Surely this is one of the richest positions of the Goering Gambit, leading to fascinating complications.
Critical is 11.Bxg8 Rxg8 12.gxf3 Qd7 13.f4 (13.Kg2 b6 14.Be3, when Black is still well-placed after 14...g5 or 14...Re8) 13...Qg4+ 14.Kh1 Qf3+ 15.Kg1 Re8! 16.Re1. Here M&V give a game with 16...g5 17.Re3, eventually unclear. A huge improvement that I gave in our book is 16...Qg4+! 17.Kh1 g5! 18.f5 (18.Qd1 Rxe4!) 18...Rxe4, with a winning game.
11...Ne5 12.Bxg8 Rxg8
M&V give 3 densely packed pages about this line, with subvariations labeled all the way out to 'B2b2233222'! Fortunately I only have to follow my recommended one. The next few moves are best:
13.f4 Nf3+ 14.Kg2 Nh4+ 15.Kh1
I agree with M&V that 15.Kg3 g5 isn't good, but they give the bare note" 15.Kh3 Ng6 =+", which I ignored only just now analysed out to an unclear position after 16.f3! followed by f5.
M&K suggest that Black is 'okay' after 16.f5 (I think that Black actually stands better), so they say White should look more carefully into 16.c4. I agree, and according to my new analysis both of our books underestimate this move:
(a) 16...Re8 works out very nicely for White, contrary our judgments, because of 17.f3! Qh3 (17...b6 18.f5 Qf7 19.Rg1) 18.Rf2 b6 19.Bd2 Qd7, and they quote a game that was drawn at this point, but 20.Rg1 is hard to meet. But 19...Ng6 is also unconvincing after 20.Rg1 Qh5 21.Rfg2±;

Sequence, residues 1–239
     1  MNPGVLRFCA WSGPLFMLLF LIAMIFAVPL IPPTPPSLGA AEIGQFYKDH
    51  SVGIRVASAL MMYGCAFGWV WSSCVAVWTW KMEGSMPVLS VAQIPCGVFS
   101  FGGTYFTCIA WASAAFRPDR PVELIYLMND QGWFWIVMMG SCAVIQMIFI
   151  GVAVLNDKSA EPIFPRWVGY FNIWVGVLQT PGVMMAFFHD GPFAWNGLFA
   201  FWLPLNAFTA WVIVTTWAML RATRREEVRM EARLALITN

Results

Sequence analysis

(b) 16...g5!? 17.f5! (K&M give 17.f3 gxf4 18.Bxf4 Rg2 19.Rg1 Qh3 20.Bg3 'unclear'-K+V, but White looks better; here a fascinating line is 17.f3 Qh3 18.Rf2 g4! with the idea 19.Qxb7 g3! 20.Qxa8+ Ke7 21.Qxg8 gxf2 22.Qg7+= !) 17...Qc6 18.f3 Re8 (they call this 'unclear') 19.Rf2! Ke7 20.Bb2 Kd7 21.Rd1 Kc8 22.Qb5! and White is just better;
(c) 16...Qg4 (best, I think, but not for any reasons shown before) 17.Qg3 and:
(c1) 17...Qe2?! 18.Be3, when they quote 'unclear-Botterill'. But again, after the best move 18...Ng6, both of us should go further: White has a real advantage after 19.f5! Ne5! (19...Ne7 20.c5 d5 21.Rae1) 20.c5! Qg4 21.Qxg4 Nxg4 22.Bf4 dxc5 23.f3;
(c2) 17...Qf3+! may save the day: 18.Qxf3 Nxf3 19.Rb1 (19.Kg2 Nd4 20.Rd1 Ne2!? 21.Bd2 Kf7) 19...b6 20.Rb3 Nd4 21.Rh3 h6 22.Bb2 Ne6 and Black should be fine.
[Perhaps it also should have been mentioned that 16.Rg1 Qc6! is very strong, for example, 17.Qd5 Qxd5 18.exd5 Re8 etc.]
16...Qc6 17.f3 Re8 Now everything is okay for Black. 18.Qc2 K&M say "?!" and by implication they like 18.Bg5, but then 18...Rxe4 19.Bxh4 Rxh4 20.Rae1 Rh6 or 20...Rc4 is very strong. 18...g5 19.fxg6 Nxg6 etc. and Black is better.
III Goering Gambit Declined
1.e4 e5 2.Nf3 Nc6 3.d4 exd4 4.c3. Here one of our recommended lines is 4...Nge7, which is given only the shortest attention in M+V. We wanted something simple and safe. There are naturally options, but the most critical idea is 5.Bc4 d5 6.exd5 Nxd5. Black seems to attain easy play: 7.0–0 I also talk about 7.Qb3, leading to a good game for Black. After 7.0-0, I proposed 7...Bg4?!, which is too committal. But I also suggested the same move that M&V give: 7...Be7, which should be equal. After 8.Qb3